If you don’t already have a website to promote your self-storage business, you need to have one built. Expect to pay anywhere from $500 to $5,000 for the initial design and setup, depending on the site’s quality and functionality. A simple template site from a Web-hosting company such Go Daddy will be the least expensive, while a custom-designed, feature-rich site developed by an individual or a Web-development consultancy will be the most expensive. Most self-storage websites fall somewhere in the middle.
When deciding where you want to be on this spectrum, consider which features you need to achieve your goals. For example, if getting tenants to submit online payments is one of your aims, your website must be integrated with the payment portal of your management software. Most self-storage software providers offer a template payment portal you can link to from your site.
Consider what you want to achieve with your website, and then build in the features that match those goals.
Capturing Customers on the Web
If you want your self-storage website to capture new customers, there are a few ways to accomplish this. Perhaps the most exciting is an online reservation system that allows customers to book storage units via the Web, just like hotel rooms. Most management-software providers offer a template for this as well.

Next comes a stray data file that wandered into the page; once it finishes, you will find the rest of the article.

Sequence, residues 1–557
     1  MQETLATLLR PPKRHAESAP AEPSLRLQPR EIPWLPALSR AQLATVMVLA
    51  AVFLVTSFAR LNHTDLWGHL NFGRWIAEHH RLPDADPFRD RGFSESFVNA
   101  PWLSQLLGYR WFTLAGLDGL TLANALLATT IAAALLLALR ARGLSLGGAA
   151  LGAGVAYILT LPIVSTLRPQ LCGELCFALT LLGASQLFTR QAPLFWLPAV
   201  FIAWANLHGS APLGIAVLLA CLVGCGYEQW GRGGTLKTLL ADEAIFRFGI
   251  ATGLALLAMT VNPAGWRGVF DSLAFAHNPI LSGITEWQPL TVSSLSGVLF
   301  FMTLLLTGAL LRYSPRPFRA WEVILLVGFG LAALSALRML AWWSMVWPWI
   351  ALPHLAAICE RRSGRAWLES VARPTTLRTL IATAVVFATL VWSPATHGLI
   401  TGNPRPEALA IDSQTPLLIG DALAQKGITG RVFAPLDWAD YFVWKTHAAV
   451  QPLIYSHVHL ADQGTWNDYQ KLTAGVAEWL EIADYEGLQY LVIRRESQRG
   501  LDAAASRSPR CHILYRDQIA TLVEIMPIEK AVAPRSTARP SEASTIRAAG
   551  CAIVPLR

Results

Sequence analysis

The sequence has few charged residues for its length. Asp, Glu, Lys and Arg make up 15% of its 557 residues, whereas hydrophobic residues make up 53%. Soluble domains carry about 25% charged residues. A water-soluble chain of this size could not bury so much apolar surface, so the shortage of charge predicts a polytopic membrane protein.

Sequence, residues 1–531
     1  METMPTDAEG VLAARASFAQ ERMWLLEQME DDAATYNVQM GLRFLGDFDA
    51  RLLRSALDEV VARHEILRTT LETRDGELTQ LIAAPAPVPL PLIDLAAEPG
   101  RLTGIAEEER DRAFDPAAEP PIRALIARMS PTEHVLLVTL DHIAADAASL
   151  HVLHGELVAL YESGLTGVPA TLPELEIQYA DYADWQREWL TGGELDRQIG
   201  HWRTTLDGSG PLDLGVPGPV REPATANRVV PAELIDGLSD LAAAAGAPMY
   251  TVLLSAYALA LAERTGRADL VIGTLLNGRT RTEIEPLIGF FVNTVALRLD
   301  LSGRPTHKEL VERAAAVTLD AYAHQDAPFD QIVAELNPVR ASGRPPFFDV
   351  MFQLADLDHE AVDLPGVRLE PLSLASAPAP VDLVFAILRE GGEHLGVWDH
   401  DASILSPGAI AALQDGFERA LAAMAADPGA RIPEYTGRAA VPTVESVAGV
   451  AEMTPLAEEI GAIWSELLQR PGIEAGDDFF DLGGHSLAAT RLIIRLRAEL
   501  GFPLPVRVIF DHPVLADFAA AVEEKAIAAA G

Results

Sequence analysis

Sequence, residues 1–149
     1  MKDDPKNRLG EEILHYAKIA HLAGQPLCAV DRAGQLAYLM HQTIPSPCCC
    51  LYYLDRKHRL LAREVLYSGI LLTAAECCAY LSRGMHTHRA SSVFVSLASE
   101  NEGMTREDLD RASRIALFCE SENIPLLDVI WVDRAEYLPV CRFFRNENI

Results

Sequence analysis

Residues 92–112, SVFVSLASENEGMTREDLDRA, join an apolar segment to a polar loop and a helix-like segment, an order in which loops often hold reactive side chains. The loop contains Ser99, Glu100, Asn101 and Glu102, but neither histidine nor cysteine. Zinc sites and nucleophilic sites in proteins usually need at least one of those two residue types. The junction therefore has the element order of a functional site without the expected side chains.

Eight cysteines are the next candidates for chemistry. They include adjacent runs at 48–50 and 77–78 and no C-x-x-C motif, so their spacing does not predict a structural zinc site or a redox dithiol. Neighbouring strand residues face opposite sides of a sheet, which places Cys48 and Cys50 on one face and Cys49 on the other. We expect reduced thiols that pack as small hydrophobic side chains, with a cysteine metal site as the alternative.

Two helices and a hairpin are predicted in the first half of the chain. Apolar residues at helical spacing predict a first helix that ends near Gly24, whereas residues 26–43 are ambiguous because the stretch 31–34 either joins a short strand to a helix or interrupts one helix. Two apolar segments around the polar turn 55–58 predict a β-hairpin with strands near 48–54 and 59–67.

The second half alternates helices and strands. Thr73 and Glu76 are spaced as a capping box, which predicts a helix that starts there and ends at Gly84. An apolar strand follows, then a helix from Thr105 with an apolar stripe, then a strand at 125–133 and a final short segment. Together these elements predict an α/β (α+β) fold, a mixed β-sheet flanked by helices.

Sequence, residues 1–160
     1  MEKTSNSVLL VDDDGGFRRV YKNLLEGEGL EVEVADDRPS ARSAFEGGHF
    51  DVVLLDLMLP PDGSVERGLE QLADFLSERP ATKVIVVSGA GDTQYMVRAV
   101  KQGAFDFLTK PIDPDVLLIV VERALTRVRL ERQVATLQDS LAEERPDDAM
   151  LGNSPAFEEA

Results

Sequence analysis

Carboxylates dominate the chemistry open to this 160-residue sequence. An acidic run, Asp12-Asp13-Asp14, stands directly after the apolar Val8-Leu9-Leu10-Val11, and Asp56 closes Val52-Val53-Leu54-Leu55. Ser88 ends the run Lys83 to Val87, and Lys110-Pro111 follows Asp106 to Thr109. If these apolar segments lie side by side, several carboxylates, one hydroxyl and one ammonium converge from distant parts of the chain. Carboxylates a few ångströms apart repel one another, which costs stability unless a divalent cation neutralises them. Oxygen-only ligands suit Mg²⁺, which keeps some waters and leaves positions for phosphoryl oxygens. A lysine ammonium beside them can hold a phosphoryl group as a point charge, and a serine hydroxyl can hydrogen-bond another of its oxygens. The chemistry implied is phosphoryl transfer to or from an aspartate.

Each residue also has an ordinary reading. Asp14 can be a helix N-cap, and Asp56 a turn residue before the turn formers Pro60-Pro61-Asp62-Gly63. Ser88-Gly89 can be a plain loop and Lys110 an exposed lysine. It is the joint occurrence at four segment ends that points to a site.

However, it’s only worthwhile to offer online reservations if you invest the additional cash to fully integrate your software’s real-time inventory and reservation process with your website. Driving a customer from your website to your management software’s unfamiliar portal to will dramatically reduce the number of people who actually complete the reservation. The same look and feel of your website should be carried throughout the entire process.
Hiring a Web developer to do this custom work will bring you toward the upper limit of the price range, but the reservation volume from your site should pay for itself in a relatively short period of time. Real-time reservations will not only show your operation as technologically superior, it can help set you apart from competition.
If you want a more economical solution, you can direct customers to a lead form rather than offer online reservations. Instead of selecting a specific unit and actually pulling it out of your inventory, the customer simply submits his name and contact information to you for follow-up. The downside to this approach is leads require work. Managers may need to call and e-mail potential customers several times before completing the sale. On top of that, leads convert to move-ins at a much lower rate than online reservations.